While 2010 will likely be a year that many of us will be happy to see go into the books, it was also a high point for all things ska related. There were more new ska album releases then you could shake a stick at, as well as reunion shows and tours, album reissues, books and more that helped keep ska fans the world over, happy, and helped to take the sting off the economic recession which continued to batter world economies.

To that end, my fellow Big Apple ska blogger Duff Guide To Ska (Steve Shafer) and I are joining forces to throw an NYC Ska Music Party on Wednesday December 29th at Dusk Lounge in New York City (site of the NY Beat: Hit & Run 25th Anniversary Party earlier this year). Come out to enjoy the best in 60's ska, 2-Tone, reggae, rocksteady, skinhead reggae and soul courtesy of DJ Duff Guy and the Fat Albert Sound System.  You will also enjoy great conversation courtesy of other ska fans and plenty of drink specials (courtesy of barkeep and former A-King bassist Sid Reitzfeld) and there might be a giveaway or two!  Join us to remember the year in ska that was 2010 and get ready to ring in 2011!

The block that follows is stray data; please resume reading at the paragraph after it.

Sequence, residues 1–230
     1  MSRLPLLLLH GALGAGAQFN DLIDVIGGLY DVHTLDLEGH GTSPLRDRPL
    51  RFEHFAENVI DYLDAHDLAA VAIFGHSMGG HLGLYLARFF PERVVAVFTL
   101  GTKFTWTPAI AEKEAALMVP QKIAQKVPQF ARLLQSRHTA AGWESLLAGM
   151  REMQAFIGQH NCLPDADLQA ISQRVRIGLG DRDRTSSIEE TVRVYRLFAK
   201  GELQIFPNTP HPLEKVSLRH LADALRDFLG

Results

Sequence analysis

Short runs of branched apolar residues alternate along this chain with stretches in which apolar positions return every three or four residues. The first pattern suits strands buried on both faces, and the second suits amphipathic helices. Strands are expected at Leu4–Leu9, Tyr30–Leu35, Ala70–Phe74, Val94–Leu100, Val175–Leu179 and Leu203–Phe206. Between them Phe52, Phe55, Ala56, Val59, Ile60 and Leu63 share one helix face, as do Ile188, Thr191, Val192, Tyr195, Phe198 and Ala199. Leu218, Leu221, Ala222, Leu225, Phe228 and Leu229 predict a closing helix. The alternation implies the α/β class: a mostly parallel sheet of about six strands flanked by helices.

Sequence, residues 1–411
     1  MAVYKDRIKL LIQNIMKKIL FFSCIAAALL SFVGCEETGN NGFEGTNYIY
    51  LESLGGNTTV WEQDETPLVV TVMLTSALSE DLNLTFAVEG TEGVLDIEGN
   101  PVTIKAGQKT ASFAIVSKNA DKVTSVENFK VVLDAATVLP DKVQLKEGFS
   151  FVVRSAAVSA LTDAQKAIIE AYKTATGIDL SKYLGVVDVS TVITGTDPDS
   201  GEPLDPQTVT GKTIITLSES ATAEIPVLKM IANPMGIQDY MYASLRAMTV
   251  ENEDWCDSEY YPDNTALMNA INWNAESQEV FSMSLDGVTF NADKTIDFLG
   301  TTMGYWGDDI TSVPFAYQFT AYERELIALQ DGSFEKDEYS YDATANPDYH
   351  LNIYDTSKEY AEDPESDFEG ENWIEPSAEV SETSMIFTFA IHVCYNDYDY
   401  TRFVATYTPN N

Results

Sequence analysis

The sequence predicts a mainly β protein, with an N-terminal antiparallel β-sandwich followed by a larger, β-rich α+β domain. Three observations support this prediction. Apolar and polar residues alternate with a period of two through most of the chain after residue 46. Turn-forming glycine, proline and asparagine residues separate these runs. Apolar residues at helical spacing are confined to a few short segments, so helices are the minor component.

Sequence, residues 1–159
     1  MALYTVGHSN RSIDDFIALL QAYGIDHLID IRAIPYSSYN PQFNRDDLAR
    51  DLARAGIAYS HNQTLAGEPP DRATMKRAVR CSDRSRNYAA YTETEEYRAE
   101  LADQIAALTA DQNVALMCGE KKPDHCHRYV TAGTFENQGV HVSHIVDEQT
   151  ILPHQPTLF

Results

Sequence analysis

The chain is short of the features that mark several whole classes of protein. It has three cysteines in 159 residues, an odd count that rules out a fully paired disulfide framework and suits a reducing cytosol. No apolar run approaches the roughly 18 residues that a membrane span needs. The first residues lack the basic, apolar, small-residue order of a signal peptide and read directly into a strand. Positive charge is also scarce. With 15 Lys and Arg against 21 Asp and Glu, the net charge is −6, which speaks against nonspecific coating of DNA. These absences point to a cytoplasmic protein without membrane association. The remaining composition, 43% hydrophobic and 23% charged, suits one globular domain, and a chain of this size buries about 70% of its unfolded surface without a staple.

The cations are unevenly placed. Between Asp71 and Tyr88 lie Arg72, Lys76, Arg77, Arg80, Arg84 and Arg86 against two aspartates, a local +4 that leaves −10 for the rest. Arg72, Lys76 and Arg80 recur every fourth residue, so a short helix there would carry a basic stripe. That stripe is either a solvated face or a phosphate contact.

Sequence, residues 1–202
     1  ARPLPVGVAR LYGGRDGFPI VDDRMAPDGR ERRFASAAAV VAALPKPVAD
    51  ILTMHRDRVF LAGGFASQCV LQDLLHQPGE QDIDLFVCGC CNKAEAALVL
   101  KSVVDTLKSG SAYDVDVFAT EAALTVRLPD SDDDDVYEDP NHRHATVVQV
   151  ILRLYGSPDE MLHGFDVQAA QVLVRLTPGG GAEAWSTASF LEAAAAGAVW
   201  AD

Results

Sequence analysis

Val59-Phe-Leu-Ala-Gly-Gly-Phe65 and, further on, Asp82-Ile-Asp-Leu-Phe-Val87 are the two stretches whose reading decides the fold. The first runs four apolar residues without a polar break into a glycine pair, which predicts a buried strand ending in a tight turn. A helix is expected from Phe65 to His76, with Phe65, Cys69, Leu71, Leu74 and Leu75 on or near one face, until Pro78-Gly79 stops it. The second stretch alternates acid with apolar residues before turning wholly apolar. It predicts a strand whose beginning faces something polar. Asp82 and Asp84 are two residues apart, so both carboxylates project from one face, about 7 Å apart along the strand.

Dusk Lounge is located at 147 West 24th Street between 6th and 7th Avenues in New York City and the phone number is 212-924-4490.  More information and details are available on the Facebook invitation.  Hope to see you there!

Wednesday, December 22, 2010

Interview with Martin 'Sugar' Merchant of Audioweb/SupaJamma